In my research, I study how sequences of positions or outcomes (such as jobs, health, or program entitlement) are structured by historical circumstances and social status. I look at differences across birth cohorts to see how the timing of events, such as economic downturns, war (civilian exposure and military service), and policy realignment shape race, gender, and cohort differences in attainment processes, health, and social positions. I also study patterns of attitudes and beliefs as elements of social change, with a focus on attitudes toward civil liberties; people as defined by gender, race, religion, or nativity; policies that affect rights, both positive and negative, that bound our decision-making (e.g., end-of-life care and death; privacy).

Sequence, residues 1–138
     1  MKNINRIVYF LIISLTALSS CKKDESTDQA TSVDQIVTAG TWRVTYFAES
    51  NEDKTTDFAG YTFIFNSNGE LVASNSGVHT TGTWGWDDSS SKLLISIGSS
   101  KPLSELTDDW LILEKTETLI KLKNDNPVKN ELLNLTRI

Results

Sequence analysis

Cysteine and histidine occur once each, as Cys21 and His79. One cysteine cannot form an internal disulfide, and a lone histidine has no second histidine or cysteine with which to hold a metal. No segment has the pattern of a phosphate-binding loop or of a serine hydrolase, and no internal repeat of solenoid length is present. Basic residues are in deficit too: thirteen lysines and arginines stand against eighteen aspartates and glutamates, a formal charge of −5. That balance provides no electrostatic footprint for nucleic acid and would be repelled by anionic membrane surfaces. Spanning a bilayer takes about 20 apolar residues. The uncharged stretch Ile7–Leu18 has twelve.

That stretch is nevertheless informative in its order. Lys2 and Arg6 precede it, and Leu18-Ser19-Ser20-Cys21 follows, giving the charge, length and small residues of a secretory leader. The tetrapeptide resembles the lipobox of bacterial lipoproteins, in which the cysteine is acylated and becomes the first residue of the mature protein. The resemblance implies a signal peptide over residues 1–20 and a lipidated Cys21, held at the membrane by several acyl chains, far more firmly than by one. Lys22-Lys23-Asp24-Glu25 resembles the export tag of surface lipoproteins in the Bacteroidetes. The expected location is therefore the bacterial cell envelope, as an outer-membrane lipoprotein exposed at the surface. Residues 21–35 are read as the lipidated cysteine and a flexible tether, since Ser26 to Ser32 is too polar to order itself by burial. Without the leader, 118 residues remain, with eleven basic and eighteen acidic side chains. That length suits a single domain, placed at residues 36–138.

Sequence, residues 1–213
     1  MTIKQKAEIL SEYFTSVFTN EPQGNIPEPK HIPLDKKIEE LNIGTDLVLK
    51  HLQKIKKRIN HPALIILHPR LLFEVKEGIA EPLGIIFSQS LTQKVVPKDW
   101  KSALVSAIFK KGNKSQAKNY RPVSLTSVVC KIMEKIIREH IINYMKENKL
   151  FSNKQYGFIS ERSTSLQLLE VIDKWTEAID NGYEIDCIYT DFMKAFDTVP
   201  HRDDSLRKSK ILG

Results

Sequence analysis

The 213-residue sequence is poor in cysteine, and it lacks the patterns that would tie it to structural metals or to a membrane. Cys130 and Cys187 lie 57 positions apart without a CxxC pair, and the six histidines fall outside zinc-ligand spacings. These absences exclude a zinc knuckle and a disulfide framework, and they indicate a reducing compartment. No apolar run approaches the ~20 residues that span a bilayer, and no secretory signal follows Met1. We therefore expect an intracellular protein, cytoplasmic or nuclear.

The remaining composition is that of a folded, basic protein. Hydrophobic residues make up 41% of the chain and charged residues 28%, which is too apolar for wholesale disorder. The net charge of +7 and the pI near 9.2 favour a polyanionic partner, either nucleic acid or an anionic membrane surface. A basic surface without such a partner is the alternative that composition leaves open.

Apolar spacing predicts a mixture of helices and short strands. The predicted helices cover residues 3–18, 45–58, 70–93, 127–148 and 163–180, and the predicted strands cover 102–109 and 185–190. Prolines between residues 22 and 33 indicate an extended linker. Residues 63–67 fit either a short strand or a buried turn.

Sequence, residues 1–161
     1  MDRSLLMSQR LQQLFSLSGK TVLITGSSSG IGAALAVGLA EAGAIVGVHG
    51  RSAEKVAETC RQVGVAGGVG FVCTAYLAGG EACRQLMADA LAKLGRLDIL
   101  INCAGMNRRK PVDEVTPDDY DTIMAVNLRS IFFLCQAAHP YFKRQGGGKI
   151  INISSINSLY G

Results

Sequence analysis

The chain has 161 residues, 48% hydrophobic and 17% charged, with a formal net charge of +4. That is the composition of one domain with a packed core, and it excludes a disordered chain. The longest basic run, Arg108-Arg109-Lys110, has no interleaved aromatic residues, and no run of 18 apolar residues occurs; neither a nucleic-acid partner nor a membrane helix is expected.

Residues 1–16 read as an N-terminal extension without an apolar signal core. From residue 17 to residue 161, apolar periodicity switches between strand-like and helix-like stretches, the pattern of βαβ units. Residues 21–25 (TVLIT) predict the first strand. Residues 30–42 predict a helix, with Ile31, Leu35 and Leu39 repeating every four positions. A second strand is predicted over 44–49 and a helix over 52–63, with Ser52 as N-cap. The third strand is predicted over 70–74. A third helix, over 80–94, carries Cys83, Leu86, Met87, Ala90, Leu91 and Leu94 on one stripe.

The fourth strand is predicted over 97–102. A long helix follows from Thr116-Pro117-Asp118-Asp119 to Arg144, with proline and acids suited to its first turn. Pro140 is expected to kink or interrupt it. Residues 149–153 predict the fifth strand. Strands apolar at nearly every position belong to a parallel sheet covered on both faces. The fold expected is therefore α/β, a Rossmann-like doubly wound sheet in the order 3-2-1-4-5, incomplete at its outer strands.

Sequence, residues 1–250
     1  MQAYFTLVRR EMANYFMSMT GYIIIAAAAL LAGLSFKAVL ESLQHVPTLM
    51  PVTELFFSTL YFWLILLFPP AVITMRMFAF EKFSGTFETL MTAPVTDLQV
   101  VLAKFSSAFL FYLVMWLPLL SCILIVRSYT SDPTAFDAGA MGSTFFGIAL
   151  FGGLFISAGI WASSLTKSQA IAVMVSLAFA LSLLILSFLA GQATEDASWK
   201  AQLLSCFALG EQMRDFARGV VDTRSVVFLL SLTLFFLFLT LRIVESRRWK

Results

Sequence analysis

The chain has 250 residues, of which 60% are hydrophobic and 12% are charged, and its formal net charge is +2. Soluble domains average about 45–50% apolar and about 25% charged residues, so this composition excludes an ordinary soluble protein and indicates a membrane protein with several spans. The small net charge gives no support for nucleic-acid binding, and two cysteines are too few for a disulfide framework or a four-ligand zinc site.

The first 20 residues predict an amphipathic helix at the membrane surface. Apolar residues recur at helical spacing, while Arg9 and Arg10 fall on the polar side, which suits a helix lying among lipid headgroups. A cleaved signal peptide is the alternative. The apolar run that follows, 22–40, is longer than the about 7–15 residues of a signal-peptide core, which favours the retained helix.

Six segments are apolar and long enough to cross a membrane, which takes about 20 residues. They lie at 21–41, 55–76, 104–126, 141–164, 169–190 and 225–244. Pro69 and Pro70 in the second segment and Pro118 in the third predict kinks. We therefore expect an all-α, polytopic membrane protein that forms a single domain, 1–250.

Family, Relationships and Interpersonal Networks; Demography; Social Inequality; Quantitative Methods; Social Institutions and Cultures; Health and Life Course
- Ph.D., Sociology, Indiana University, Bloomington, IN, 1980
- M.A., Sociology, Indiana University, Bloomington, IN, 1976
- B.A., Sociology, Albright College, 1974